The Restorative mindset respects the scale of our interpersonal landscape.
“Respect” literally means “to look again,” to reconsider what you have taken for granted. When you, me, or anyone views our same old world together, aspects of it look different when using a Restorative lens. Howard Zehr, the grandfather of RJP in this country, established this perspective in his book, Changing Lenses (1990), the seminal work that launched American’s version of the RJ movement, which was already well underway in other countries. Zehr is the guy in the picture above looking through the lens of his fingers. He’s a criminologist, but also an amateur photographer who trained himself in the art of looking.
He says, “We in the West view crime through a particular lens. The “criminal justice” process that uses that lens fails to meet many of the needs of either the victim or the offender. The process neglects victims while failing to meet the expressed goals of holding offenders accountable and deterring crime.”
Major or minor, conflict will always be with us.
After Changing Lenses shined a new light on the dysfunctional criminal justice system, people in different sectors began looking upstream to the human contexts where weedy, offensive behavior first starts to grow. Sadly, neglected or unsupervised kids were developing feral, unsocialized behaviors which then get punished by the people whom the behavior offends or harms – family, school, neighbors. There, upstream, was the cradle to school to prison pipeline, pushing kids who need help further away from positive connections with community.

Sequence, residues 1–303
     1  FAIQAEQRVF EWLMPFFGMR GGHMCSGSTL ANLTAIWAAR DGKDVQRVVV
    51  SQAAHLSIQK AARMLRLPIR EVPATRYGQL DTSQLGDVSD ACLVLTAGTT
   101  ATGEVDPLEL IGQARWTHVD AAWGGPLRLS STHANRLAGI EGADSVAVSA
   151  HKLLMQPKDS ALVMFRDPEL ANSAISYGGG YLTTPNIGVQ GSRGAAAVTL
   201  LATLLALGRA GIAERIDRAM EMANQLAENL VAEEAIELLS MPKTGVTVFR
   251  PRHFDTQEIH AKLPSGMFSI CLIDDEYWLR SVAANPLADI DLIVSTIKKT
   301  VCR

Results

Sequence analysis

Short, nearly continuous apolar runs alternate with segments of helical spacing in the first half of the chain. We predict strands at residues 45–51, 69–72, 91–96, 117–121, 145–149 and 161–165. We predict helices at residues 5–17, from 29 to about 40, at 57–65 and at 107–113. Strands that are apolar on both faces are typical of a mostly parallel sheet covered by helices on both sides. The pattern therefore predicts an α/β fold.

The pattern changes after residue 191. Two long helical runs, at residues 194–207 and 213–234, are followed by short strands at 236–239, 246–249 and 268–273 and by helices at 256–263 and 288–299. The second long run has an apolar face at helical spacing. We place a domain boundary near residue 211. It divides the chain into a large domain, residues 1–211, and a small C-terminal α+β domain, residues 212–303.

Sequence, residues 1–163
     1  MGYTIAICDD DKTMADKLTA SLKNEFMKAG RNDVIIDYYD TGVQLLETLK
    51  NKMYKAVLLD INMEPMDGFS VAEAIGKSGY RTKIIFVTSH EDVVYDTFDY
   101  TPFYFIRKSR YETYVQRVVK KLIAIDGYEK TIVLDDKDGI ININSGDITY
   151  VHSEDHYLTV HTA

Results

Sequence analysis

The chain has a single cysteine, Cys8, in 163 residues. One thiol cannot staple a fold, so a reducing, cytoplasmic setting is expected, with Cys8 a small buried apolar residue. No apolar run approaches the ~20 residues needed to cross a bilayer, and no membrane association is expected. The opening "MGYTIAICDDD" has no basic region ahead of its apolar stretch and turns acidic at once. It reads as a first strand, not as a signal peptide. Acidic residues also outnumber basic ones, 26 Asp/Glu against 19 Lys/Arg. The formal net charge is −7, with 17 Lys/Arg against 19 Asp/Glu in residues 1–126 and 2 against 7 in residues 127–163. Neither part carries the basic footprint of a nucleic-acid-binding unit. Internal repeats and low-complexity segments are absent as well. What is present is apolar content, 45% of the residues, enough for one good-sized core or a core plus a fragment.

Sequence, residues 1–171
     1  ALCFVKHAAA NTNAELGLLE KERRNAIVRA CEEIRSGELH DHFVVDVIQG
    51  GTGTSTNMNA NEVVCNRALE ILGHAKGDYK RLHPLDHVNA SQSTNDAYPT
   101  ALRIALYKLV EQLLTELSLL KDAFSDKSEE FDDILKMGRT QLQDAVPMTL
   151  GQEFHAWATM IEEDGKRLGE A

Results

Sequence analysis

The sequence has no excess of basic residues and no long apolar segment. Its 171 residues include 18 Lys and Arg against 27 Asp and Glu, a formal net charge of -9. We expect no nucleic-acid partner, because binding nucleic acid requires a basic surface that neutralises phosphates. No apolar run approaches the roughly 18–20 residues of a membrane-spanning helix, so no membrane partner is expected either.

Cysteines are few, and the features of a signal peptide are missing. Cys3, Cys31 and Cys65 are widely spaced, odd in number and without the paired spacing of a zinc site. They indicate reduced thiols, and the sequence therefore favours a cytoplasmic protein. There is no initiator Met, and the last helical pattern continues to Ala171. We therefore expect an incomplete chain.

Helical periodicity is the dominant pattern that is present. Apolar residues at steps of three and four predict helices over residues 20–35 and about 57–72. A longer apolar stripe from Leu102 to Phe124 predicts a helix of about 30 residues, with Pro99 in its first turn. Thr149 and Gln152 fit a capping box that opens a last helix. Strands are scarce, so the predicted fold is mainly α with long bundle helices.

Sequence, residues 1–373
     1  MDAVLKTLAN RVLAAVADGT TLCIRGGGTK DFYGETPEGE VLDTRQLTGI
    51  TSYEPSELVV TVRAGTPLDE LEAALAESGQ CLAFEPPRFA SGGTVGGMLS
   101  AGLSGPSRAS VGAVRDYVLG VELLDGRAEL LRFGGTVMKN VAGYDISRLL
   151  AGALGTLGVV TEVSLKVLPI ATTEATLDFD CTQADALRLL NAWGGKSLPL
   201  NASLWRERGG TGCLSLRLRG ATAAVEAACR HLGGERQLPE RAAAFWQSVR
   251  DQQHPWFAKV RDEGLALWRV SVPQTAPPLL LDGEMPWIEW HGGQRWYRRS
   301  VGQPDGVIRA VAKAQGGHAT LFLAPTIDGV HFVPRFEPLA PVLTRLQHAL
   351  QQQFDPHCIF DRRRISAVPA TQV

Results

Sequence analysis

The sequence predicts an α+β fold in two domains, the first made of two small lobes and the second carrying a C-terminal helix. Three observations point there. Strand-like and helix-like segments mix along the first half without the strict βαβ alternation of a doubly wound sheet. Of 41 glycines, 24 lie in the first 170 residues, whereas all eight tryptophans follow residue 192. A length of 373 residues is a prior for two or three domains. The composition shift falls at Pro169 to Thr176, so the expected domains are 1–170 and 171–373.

Concerned activists began to examine the strange assumption that we can hurt people into healthy behavior, at whatever age. Little evidence shows that punishment works. Instead it’s a wack-a-mole strategy, beating down one conflict only to generate others (like resentment, rebellion, rage). If punishment doesn’t work, what does? Answers lay in ancient, indigenous people’s “tribal circle” traditions, which are specifically designed to repair relationships and strengthen the community fabric. These “circles” became the model for anticipating, preventing and handling interpersonal conflict.
Restorative Practices, then, are the powerful, effective ways that regular people like you and me can apply them to everyday life. A skillful, curious question, for example, can clear up a misunderstanding, spark a friendship, inspire an apology, or make space for someone to say what’s really on their minds. These mundane successes will also be among the nooks and dells we’ll also visit in our travels
There’s so much to see! Join us.